If said epsilon is shared by both sets of test masses, only the difference of the difference is active, (epsilon)^2. If theory or prior observation constrains violation, (epsilon)^3.

The experiment seeks a chained differential in a background that is homogeneous by its non-interative nature. Brownian motion is lumpy. Thermal photon gas slightly self-correlates. Dark energy will be less lumpy than the CMB.

Three small "identical" solid spherical balls are coated with superconductor. Two are single crystal alpha-quartz, enantiomorphic space groups P3(1)21 and P3(2)21. The third is amorphous fused silica. Meissner levitate in hard vacuum then observe for 24 hours.

Absent interactive background, the three balls are diurnally indistinguishable. Given any interactive background, fused silica will be inert. The left- versus right-handed quartz balls will rotate in opposite directions, stop, rotate in opposite opposite directions, stop, over 24 hours. Given the Earths's rotation, solar orbit, and the sun's galactic orbit there is great opportunity to detect a "vacuum" wind with chiral propellers.

stefan said...

Dear Bee,


thanks for the post and contacting the authors!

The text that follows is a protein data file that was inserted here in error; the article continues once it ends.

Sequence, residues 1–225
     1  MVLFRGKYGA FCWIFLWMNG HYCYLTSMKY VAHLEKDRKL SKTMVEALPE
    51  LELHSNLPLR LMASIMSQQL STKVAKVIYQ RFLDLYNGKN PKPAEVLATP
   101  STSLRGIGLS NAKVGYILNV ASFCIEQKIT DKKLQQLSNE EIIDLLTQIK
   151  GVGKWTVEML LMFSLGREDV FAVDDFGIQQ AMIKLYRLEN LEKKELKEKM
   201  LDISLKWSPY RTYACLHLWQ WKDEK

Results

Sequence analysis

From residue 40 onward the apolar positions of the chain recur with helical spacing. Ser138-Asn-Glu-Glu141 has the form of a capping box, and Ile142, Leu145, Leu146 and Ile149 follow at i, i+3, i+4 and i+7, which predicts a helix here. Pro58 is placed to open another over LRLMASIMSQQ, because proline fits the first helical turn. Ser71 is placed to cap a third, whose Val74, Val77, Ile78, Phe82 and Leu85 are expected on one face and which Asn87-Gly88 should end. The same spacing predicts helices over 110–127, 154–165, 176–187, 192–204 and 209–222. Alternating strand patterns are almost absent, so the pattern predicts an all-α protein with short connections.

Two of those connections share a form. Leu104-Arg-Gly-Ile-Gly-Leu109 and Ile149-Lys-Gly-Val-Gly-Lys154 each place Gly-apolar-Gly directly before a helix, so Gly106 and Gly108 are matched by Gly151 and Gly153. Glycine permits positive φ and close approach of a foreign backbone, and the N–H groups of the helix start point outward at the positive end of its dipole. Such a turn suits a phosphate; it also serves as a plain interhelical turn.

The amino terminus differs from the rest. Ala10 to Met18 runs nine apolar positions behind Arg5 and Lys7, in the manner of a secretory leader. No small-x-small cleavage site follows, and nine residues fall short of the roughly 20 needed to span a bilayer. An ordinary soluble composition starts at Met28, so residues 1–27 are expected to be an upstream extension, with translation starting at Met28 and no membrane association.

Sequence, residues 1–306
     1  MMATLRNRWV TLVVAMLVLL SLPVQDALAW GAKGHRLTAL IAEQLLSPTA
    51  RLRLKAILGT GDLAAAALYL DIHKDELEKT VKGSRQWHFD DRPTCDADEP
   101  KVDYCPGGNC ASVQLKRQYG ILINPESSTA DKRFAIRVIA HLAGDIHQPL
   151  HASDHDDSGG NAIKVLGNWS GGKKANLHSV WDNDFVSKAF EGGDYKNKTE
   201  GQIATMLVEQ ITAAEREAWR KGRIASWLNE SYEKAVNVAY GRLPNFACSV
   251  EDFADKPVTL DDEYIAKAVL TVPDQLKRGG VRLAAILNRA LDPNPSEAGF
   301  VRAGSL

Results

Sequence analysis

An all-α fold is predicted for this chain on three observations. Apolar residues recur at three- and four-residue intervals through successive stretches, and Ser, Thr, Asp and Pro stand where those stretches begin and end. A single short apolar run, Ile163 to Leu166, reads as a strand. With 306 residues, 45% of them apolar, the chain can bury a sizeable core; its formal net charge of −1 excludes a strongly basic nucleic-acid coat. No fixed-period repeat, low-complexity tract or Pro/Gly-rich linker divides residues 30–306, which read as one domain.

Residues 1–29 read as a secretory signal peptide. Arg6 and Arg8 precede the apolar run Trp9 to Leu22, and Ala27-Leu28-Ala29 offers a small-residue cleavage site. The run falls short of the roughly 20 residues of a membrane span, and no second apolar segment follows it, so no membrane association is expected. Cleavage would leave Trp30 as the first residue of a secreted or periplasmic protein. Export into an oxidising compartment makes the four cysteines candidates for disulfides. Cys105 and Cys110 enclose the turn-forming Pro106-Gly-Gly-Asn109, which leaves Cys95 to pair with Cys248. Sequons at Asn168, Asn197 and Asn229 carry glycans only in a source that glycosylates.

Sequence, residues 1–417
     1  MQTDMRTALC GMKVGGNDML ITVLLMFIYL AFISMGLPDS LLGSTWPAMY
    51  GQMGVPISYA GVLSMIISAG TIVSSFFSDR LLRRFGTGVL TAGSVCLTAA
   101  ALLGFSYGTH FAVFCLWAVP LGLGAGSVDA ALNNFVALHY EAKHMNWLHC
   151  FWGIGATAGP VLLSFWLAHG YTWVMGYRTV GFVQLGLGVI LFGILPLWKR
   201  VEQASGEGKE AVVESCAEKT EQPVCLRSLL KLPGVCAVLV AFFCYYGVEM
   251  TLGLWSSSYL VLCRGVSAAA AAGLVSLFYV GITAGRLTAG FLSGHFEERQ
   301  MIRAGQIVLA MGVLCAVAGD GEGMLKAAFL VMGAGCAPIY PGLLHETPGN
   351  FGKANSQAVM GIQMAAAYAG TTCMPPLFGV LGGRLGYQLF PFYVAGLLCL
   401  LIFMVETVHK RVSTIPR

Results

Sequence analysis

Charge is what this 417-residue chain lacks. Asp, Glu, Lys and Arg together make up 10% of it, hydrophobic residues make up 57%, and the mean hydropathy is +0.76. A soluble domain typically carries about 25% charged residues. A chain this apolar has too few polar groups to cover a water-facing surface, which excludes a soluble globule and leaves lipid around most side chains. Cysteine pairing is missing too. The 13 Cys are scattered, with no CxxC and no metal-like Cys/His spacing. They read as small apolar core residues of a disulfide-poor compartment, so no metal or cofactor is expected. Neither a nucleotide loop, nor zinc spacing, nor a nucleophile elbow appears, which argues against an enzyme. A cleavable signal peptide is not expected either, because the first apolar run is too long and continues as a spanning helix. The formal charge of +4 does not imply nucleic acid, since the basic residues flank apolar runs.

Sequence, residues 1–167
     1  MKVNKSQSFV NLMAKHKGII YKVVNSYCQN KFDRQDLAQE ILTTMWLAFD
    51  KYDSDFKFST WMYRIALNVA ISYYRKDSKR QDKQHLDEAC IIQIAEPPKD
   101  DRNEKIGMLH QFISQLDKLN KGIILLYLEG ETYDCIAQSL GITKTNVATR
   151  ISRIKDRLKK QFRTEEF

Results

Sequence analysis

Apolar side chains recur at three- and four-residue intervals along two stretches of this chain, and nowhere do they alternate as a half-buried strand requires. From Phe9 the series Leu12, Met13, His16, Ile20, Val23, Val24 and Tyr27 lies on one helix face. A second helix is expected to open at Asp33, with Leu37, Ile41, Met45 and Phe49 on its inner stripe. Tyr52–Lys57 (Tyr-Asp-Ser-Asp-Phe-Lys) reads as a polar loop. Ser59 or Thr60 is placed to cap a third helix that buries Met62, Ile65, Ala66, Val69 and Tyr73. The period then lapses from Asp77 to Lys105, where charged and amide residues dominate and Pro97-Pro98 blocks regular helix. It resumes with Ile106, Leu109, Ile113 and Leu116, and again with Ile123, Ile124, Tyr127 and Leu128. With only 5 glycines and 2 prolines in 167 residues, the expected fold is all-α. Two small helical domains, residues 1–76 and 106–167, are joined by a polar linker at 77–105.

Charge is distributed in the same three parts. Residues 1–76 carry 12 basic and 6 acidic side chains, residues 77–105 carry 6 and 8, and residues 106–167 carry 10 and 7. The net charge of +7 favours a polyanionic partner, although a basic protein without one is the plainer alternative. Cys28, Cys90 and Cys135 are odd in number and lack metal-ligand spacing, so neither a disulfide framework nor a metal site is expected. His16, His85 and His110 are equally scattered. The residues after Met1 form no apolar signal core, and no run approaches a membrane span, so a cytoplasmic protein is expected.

Even if such an experiment might not reveal Dark Energy, atom interferometry and what can be measured with it is just awesome!

Cheers, Stefan

Aaron Sheldon said...

I second Stefan. I am really impressed by Dr. Mueller's experimental work. It is emblematic of the best of scientific discipline.

Are they going to have long enough runs and sensitivity to pick up the diurnal variation in the gravitation redshift due to rotation withing the suns field?

Rob Knop said...

It sounds like the classic case of making reference to $current_hot_topic in your worthwhile science, in an attempt to raise its profile.

Ten years ago, they might have been able to add profile by stating how this experiment related to astrobiology.

Bee said...

Hi Aaron,

I don't know. The papers have been a little sketchy on the precision when it comes to timescales, and I don't know enough about atom interferometry to be able to tell. Best,

B.

Steven Colyer said...

Hi Rob,

You wrote:
It sounds like the classic case of making reference to $current_hot_topic in your worthwhile science, in an attempt to raise its profile.

Hip, hip, and Hooray! I'm all for raising Science's profile. Good for them.